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Pope sets up commission for Vatican Bank

IOR aims to dispel money-laundering rumors, murky reputation

27 June, 14:19
Pope sets up commission for Vatican Bank

(By Christopher Livesay) (ANSA) - Rome, June 26 - Pope Francis has set up a pontifical commission on the Vatican Bank, the Vatican announced on Wednesday.

The commission will start working "in the coming days" with the objective of briefing the pontiff on the bank's activities and making sure it operated in harmony with the "Church's mission," according to a statement. The Vatican Bank, officially known as the Institute for Religious Works (IOR), has come under scrutiny for alleged money laundering and is now working with the Council of Europe's Moneyval anti-money-laundering agency in a bid to make it onto the international 'white list' of banking.

In a report last July, Moneyval said that the Holy See had made progress on financial transparency, but added that more reforms were needed.

Italian magistrates are currently investigating the bank on money-laundering charges. The Italian press has increasingly speculated on the fate of the scandal-plagued bank, wondering whether the pontiff might reorganize or shut it down.

The new IOR panel will be chaired by Cardinal Raffaele Farina, and it will include another three prelates and Harvard Law Professor Mary Ann Glendon, a former United States Ambassador to the Holy See.

The Vatican Bank has made a series of moves to show greater transparency since Francis became pope in March, succeeding Benedict XVI who became the first pontiff to voluntarily abdicate in 700 years. Last month the Vatican's financial watchdog published its first annual report on the Holy See's efforts to combat money laundering and funding terrorism.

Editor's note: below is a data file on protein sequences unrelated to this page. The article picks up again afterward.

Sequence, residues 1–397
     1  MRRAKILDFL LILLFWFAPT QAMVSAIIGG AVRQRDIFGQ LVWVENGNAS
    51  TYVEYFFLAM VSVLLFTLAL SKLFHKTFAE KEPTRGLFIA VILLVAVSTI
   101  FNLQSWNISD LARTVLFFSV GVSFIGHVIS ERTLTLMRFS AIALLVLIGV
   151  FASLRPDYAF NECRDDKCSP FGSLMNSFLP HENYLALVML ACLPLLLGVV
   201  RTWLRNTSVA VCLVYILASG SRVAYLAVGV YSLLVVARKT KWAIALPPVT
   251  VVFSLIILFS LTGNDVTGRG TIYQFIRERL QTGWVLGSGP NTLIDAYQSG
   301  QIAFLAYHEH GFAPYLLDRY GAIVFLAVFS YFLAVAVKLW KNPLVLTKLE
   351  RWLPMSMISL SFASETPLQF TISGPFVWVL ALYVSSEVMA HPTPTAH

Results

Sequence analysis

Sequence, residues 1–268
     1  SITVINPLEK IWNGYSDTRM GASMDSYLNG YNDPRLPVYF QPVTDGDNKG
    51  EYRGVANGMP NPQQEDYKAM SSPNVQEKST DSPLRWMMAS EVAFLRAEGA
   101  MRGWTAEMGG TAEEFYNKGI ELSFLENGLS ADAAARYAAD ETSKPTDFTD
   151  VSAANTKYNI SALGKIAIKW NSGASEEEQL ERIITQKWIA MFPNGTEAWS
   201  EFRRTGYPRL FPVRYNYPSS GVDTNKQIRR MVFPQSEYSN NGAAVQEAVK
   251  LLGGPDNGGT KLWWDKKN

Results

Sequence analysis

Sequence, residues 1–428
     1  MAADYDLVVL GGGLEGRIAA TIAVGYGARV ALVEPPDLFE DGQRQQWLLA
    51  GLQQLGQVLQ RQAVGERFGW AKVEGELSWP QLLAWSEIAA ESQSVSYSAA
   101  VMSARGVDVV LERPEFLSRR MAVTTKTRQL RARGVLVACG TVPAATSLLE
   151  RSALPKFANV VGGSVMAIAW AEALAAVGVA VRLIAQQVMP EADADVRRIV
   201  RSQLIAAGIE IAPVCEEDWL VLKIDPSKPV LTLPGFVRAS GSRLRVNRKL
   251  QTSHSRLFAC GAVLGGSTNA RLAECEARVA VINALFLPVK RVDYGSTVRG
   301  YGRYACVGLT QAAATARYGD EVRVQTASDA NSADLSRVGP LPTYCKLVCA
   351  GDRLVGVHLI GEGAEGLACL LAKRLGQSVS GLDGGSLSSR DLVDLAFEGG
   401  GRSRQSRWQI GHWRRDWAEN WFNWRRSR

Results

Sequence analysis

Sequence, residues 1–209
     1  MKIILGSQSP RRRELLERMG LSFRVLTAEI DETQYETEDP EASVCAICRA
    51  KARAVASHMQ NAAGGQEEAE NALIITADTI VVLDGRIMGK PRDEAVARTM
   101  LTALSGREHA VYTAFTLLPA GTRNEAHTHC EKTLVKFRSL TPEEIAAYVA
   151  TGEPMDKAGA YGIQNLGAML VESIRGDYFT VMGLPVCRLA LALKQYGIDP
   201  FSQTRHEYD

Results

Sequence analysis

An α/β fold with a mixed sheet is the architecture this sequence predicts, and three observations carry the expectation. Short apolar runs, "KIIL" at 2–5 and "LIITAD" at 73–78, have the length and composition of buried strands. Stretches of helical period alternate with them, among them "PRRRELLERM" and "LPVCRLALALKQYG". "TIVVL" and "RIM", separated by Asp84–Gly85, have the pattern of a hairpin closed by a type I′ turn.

In it, the Financial Information Authority (AIF) said it had uncovered six cases of suspect transactions in 2012, a notable increase since 2011 when only one such case was flagged.

Two of those cases were sent on to Vatican prosecutors for a probe.

AIF Director Rene' Bruelhart did not go into the specifics of the transactions, specifying only that "they were not tied to financing terrorism".

Established by Benedict XVI in 2010, the AIF is charged with monitoring the commercial and monetary activities of Vatican agencies like the Vatican Bank.

Over the years the Vatican Bank has acquired a murky image on transparency.

There have been allegations that IOR was used to launder money most notably by 'God's Banker' Roberto Calvi, the former head of Italy's biggest private bank, whose body was found hanging under Blackfriar's Bridge in London in 1982, a suspected victim of the Sicilian mafia.

IOR was also named in kickbacks probes stemming from the 1990 collapse of public-private chemicals colossus Enimont, part of the Clean Hands investigations that swept away Italy's old political establishment.

More recently, there has been a series of Italian TV reports and a best-selling book claiming to show how individuals have used IOR to squirrel away money, dodging Italian regulations.

A Vatican report to Moneyval is due in December.

Other efforts to make IOR more transparent include a move to publish its balance sheets online by the end of the year.

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